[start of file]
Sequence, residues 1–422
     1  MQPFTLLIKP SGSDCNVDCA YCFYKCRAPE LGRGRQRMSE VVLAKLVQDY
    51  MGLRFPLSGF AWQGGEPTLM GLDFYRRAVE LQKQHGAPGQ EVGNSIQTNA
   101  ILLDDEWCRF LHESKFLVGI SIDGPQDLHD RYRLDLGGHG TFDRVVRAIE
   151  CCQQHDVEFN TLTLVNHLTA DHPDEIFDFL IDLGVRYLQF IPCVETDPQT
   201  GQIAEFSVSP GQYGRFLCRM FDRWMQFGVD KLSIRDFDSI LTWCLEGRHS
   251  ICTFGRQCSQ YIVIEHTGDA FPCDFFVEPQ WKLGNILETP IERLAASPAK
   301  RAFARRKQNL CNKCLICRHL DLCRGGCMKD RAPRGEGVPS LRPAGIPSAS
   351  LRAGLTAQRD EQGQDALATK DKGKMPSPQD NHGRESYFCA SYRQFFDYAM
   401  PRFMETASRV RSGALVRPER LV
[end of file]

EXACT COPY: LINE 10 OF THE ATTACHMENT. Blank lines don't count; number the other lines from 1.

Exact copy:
   401  PRFMETASRV RSGALVRPER LV